No. 2 originated as a Dubs 2-4-0T in 1875 as WN 861 and was rebuilt as a 4-4-0T in 1908. No. 7 is claimed by Johnstone to have been built (or assembled) at Rocksavage in 1901. The boiler for No. 7 came from one of the spare Londonderry & Lough Swilly Railway boilers auctioned when that railway ceased broad gauge operations, and the frames came No. 7, an 0-4-0ST withdrawn in 1897. The locomotives were withdrawn in 1930 and 1934. . Clements and McMahon page. 167.

2-4-0T
CBSCR No. 1
GSR Class 482 G6
Similar to Cork & Macroom Direct Railway Dubs-built 2-4-0Ts (classified as Class 487). WN 760/1874. 5ft coupled wheels; 15 x 22in cylinders; 11.2 ft2 grate area, total heating surface: 830.5ft2. Clements and McMahon  pp. 169.

Cork & Macroom Direct Railway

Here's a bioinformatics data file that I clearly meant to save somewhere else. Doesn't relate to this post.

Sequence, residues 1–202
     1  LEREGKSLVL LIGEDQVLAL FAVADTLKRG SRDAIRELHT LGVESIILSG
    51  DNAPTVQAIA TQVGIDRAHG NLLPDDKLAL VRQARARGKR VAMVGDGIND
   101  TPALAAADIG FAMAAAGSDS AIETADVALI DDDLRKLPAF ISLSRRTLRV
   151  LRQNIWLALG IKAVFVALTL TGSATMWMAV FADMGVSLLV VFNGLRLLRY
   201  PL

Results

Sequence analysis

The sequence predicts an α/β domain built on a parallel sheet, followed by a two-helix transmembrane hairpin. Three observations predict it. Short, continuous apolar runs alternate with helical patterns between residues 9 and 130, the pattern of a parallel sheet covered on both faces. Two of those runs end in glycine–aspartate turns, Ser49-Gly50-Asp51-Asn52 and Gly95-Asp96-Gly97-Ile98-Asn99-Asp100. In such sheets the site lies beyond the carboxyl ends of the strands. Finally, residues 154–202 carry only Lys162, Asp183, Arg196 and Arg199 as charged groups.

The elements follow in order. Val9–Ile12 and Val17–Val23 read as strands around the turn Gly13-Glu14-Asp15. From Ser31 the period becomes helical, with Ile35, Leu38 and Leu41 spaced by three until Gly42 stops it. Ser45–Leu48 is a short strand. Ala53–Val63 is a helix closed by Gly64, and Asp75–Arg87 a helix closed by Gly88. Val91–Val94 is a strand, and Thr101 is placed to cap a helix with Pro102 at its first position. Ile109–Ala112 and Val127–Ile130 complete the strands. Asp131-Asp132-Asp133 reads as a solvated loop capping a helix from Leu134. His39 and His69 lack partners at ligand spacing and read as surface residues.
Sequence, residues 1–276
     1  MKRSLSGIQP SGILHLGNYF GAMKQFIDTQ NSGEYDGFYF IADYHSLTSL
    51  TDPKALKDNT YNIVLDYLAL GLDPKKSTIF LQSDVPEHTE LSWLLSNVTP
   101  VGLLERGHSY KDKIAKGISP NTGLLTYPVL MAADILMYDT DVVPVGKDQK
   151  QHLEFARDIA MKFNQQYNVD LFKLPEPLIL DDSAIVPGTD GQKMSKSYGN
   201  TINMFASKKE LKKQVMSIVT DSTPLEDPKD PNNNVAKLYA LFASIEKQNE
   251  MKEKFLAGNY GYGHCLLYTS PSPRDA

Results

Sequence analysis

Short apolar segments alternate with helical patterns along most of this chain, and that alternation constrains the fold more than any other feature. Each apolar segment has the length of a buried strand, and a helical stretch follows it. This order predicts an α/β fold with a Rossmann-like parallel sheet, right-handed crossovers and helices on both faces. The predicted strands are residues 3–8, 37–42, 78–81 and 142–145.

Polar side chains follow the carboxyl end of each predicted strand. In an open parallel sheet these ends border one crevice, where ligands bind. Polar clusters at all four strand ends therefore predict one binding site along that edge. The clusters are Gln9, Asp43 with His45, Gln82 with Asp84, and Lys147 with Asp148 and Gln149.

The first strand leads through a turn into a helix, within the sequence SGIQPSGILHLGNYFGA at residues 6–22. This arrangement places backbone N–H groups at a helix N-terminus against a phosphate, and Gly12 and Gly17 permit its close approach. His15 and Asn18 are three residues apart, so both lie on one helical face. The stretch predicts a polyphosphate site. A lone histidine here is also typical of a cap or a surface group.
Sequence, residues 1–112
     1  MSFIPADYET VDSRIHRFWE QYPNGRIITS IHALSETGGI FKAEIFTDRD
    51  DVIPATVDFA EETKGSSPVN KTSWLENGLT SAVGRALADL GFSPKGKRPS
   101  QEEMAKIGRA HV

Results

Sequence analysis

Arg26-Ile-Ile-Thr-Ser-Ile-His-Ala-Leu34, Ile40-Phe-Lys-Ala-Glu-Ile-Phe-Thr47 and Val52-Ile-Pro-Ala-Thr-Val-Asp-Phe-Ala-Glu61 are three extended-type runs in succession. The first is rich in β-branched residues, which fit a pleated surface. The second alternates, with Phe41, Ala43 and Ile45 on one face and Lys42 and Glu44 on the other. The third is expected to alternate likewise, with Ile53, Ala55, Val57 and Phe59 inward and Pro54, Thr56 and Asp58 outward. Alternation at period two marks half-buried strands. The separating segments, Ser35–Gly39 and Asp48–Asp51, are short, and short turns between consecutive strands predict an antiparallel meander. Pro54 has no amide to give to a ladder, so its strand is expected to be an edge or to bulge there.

Operated from its own terminus at Capwell in Cork. Was profitable and resisted amalgamation, after which services diverted to Albert Quay.

2-4-0T
Class 487 G5: Dubs: 1865-81
Very similar (differing in coupled wheel diameter) with Dubs design for Cork & Bandon Railway (GSR Class 482 G6) 5ft 6in coupled wheels; 15 x 21in cylinders; 10.5 ft2 grate area; total haeting surface 760ft2.

CMDR GSR

WN

withdrawn
2 487

18/1865

1928

3 488

235/1867

1934

4 489 1505/1881

1928

No. 488 transferred to Castleisland branch. Clements and McMahon  pp. 174-5.

0-6-2T
C&MDR No. 5
Class 490 I2
Andrew Barclay WN 1022/1905. Withdrawn 1935
5ft 1in coupled wheels; 16 x 24in cylinders; 16 ft2 grate area. Clements and McMahon p. 175.

Contemporary reference
Tank locomotive for the Cork and Macroom Direct Railway. Locomotive Mag., 1908, 14, 33. illus.